"We are working closely with both hospitals to conduct a targeted investigation and ensure all affected parties are properly notified about their potential exposure to the disease," said Pennsylvania Secretary of Health Eli Avila.
There is no evidence that any patients were infected here, Avila said in a statement, but an investigation by the hospitals and state and local health departments is continuing. (More…)
“July 28, 2012, marks the second annual World Hepatitis Day, established in 2010 by the World Health Organization (WHO). Viral hepatitis is a largely silent epidemic; however, it is the leading cause of liver cancer and cirrhosis around the world. Approximately 500 million persons are living with chronic hepatitis B virus or hepatitis C virus infection; most are unaware of their infections, which contribute to nearly 1 million deaths annually.”—World Hepatitis Day — July 28, 2012 (MMWR, 7/27)
National experts in HIV Management and Hepatitis C to meet—live & online—for a 2-day virtual education conference. Choose from seven 1-hour interactive sessions. CME credits available. Click here to register.
Co-infection with hepatitis C increases the risk of death for patients with AIDS by 50%, according to the results of a large study published in the online edition of Clinical Infectious Diseases. A fifth of these deaths were attributable to liver-related causes, five times the rate seen in people with AIDS who were not co-infected.
The investigators also found that a third of co-infected patients were unaware of their hepatitis C infection.
“Please join us in raising awareness about hepatitis B among your families, friends, colleagues and co-workers. Make hepatitis B part of your conversations during the month of May… Working together, we can bring to life the Action Plan’s vision: “A Nation committed to combating the silent epidemic of viral hepatitis.”—
The risk of death due to liver disease is twice as high for patients with chronic hepatitis B infection compared to individuals with chronic hepatitis C, US researchers report in the online edition of Clinical Infectious Diseases.
The study involved gay and other men who have sex with men, most of whom were HIV positive. Hepatitis B remained associated with a two-fold increase in the risk of liver-related death when analysis was restricted to HIV-positive individuals. The risk of liver-related mortality was especially high for people with a low CD4 cell count.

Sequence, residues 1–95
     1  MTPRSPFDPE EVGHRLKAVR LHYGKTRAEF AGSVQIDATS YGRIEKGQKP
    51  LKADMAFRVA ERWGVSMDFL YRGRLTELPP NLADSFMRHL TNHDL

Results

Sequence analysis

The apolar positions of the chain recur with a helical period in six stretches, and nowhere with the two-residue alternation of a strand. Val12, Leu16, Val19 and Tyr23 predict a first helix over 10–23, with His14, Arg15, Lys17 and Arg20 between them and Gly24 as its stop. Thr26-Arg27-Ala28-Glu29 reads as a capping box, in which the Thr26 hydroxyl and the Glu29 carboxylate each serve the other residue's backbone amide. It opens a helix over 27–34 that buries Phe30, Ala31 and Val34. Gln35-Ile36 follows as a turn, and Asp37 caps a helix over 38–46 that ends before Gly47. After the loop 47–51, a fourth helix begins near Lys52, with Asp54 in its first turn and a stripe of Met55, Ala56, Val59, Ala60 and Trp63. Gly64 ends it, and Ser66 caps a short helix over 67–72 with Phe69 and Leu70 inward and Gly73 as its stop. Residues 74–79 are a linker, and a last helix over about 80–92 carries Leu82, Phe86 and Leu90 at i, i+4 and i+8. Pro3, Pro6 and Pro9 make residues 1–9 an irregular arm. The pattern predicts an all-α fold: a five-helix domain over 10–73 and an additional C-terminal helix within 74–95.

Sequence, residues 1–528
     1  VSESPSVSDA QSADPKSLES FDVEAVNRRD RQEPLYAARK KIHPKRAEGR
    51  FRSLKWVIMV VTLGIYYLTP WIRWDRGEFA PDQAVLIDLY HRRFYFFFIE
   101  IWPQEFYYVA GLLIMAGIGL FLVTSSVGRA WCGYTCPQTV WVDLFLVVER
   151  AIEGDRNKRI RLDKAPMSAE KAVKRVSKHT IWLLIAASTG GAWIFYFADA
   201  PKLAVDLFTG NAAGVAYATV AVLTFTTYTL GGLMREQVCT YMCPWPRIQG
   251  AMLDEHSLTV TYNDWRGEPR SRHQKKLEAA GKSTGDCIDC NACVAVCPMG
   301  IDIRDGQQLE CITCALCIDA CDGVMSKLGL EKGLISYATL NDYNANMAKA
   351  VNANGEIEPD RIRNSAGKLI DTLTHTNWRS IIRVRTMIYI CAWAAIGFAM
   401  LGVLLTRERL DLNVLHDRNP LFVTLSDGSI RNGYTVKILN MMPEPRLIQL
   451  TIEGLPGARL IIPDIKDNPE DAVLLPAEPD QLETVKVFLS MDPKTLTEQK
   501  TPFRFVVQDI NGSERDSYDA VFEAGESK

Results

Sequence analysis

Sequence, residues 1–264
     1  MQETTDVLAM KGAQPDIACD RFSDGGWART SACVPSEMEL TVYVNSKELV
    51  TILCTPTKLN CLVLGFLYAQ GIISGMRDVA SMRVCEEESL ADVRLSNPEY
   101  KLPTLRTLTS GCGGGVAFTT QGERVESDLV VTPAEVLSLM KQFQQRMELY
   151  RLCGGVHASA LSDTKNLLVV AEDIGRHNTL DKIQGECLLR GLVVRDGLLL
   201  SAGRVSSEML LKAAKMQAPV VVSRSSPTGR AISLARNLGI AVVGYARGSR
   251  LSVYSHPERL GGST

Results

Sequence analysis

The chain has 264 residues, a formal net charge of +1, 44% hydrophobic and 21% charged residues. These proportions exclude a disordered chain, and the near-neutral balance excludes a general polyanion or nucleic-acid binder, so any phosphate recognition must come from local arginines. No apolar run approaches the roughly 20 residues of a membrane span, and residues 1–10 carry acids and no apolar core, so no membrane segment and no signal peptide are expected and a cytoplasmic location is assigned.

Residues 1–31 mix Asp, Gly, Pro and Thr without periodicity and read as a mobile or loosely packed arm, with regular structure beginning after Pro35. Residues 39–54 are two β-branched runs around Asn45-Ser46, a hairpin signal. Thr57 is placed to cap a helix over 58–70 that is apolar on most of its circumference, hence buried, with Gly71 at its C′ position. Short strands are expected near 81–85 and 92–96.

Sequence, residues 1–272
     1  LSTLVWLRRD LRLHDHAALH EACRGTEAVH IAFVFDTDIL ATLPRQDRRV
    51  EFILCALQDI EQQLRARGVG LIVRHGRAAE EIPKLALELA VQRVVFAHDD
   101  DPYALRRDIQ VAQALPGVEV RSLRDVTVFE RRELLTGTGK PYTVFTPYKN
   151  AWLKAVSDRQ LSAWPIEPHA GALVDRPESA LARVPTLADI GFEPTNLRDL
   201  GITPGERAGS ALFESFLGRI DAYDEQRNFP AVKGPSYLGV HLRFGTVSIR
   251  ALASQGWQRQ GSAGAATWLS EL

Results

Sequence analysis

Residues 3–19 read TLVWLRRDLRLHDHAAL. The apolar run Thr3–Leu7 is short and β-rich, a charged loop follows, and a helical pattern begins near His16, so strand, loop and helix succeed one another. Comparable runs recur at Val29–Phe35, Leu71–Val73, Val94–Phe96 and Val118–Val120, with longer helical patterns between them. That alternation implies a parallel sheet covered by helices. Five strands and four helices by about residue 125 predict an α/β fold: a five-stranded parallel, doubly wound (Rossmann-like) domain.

The Food and Drug Administration warned Friday that doctors should not prescribe and patients should not use the hepatitis C drug Victrelis (boceprevir) and the anti-HIV drug ritonavir at the same time because such use reduces the effectiveness of both drugs.
Three cases of acute pancreatitis, one fatal, have led the FDA to put a clinical hold on a trial of an investigational oral drug for hepatitis C called alisporivir, according to the product’s manufacturer.
An official at Novartis broke the news at a press conference held Thursday at the European Association for the Study of the Liver meeting in Barcelona. Read more here.
“‘The only appropriate motivation should be what is the best and fastest way to get cures, not what is best for the shareholders,’ said Dr. Scott Friedman, chief of liver diseases at the Mount Sinai School of Medicine in New York…” Read more here.
“Imagine my excitement when the individual local grassroots hep B campaigns from around the U.S. came together and decided to form a national coalition—Hep B United (the Philadelphia campaign becomes Hep B United Philadelphia). Having a formal national coalition will help local campaigns to become more versatile and more effective, both collectively and individually… they will be able to work with federal and national partners without losing touch with the local campaigns. A unified national presence and identity will also strengthen the ongoing advocacy work to raise awareness among policy makers… Ultimately, all of these benefits will help us better serve our communities.”—
Daniel Chen from the Hepatitis B Foundation has written a great blog post announcing that the local Hep B Free campaign has changed its name to Hep B United Philadelphia. This will bring hep B coalitions across the country together under a united network. We look forward to seeing what exciting work can be accomplished with our national partners!
Visit this website to see where you can return unused prescription drugs on 4/28. National Prescription Drug Take Back Day addresses a vital public safety and public health issue. More than seven million Americans currently abuse prescription drugs, according to the 2009 Substance Abuse and Mental Health Services Administration’s National Survey on Drug Use and Health. Each day, approximately, 2,500 teens use prescription drugs to get high for the first time according to the Partnership for a Drug Free America.